Where was I at? Oh yes, Tippecanoe.
Tecumseh and Tenskawata had built a village there. Tecumseh was out to trying to rally the other tribes when general harrison showed up and built a crude fort. He essentially drew a line in the sand and dared Tenskawata to cross it.
My Two cent summary of the battle.
I spent some time at the museum store (of course) where the Ranger tried to get me to buy several books after he learned what I was doing there. I walked out with a book about Tenskawata, The Prophet. It was the first one I had seen, and I wanted to make I had the details about his life right, as he was a character.
Born Laesheioga (Panther with a handsome tail), he soon acquired the name Lalawiethka (Loud Noise, or the baby rattle) as he had reputation as a braggart. he shot himself in the eye with an arrow, and became an alcoholic.
He drank himself into a Coma, and when he woke up, he announced that the Great Spirit had visited him, and told to if he would stop drinking, He and Tecumseh would be be able to drive the White Man away.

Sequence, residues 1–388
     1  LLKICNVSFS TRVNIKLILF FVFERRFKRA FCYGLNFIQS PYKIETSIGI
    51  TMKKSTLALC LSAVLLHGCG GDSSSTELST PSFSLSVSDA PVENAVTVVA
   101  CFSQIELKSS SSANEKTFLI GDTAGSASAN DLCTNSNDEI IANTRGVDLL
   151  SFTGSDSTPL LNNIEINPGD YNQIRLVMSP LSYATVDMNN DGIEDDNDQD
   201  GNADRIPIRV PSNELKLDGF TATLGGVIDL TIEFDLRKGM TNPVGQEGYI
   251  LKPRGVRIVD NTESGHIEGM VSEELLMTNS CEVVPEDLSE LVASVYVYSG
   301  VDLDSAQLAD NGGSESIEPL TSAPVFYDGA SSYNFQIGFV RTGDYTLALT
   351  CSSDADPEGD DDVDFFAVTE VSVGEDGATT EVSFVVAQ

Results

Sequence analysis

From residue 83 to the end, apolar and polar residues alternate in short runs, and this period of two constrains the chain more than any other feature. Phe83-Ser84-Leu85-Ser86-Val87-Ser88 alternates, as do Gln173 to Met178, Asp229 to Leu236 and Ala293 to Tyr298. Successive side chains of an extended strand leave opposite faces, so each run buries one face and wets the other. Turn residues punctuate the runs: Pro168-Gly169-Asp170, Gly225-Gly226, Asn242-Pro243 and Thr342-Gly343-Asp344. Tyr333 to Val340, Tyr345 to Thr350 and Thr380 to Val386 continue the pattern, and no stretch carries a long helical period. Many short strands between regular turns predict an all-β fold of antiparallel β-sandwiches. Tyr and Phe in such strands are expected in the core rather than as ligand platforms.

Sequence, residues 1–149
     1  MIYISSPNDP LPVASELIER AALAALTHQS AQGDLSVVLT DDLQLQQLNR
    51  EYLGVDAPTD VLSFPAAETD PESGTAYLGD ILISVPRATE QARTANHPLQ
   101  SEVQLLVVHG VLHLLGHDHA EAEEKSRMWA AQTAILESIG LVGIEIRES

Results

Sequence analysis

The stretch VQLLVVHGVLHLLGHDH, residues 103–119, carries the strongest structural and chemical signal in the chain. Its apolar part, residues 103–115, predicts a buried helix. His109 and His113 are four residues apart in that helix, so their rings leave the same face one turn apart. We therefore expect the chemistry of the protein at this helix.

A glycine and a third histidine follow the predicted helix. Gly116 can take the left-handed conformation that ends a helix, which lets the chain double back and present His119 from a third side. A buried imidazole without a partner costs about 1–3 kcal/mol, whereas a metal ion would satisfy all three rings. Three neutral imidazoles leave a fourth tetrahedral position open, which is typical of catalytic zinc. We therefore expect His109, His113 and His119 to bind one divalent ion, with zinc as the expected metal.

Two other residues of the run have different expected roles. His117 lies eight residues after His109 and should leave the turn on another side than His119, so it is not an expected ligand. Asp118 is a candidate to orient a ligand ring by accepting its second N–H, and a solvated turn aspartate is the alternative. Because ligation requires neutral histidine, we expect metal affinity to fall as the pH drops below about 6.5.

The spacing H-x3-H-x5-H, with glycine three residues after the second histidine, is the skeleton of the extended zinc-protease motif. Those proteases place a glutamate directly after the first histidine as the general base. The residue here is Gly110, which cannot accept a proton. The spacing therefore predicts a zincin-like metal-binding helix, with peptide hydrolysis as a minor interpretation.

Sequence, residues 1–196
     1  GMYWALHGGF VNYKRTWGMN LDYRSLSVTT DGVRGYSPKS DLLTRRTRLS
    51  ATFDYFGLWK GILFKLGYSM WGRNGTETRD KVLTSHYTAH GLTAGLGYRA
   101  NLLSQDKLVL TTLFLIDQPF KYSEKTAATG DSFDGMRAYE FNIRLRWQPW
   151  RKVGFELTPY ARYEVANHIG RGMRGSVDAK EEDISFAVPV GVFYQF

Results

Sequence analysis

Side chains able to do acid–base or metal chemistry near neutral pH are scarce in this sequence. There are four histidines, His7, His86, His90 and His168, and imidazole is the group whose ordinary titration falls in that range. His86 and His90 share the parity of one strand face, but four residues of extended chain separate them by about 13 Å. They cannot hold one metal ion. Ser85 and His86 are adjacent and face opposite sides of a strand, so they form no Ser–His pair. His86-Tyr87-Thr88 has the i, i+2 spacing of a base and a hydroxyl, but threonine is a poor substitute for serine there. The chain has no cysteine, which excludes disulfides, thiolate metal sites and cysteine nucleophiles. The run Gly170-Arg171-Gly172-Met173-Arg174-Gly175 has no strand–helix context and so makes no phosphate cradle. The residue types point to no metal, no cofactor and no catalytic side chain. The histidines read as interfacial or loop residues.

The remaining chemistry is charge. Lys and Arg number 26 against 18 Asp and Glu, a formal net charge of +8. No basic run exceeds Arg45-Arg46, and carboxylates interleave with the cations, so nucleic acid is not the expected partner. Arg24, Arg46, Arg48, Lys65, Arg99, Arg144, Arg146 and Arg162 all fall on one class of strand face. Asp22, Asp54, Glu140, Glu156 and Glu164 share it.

There is a state Park called Prophetstown. Ironically, the main attraction is a 1920's Farm house:
I was more interested in the recreation of Tecumseh and Tenskawata's village:
It was very windy, and I could hear the wind groan through the council house (The Prophet smoked the holy tobacco. The Wind spirit and the Wood spirits told him how to get rid of the Big Knife, Harrison)
There was book explaining the building. It had plastic pages, which were wet due to the gaps in the roof. Makes me glad of modern worksmanship.
I walked back on the prairie:
I decided to press on to Fort Ouiateon:
This was probably a mistake, as it took me an hour to get through Lafayette, it would probably had been better to go to Prophet's Rock, where Tenskawata stood during the Battle.
I have my characters walking down the south side of the Wabash, so I need to check out some of the tributaries, as I wanted to make sure I had the size of the river right.
The Mississinewa was about what I had expected:
it also the the Francis Slocum trail, she was a Pennsylvania woman who was adopted by the Miamis (another theme of my work)
my next stop was the Saalmonie. i had them breaking out Canoes here. There was big problem, It was shallow enough to wade across:
I concluded the day by looking at the Wabash in Huntington. I had them wading through some rapids. the only problem was I looked at the rapids, there were none, and the current appeared too strong:
It was a very long, but worth it. finding mistakes, getting inspiration and details are priceless. hopefully, I get this done and published.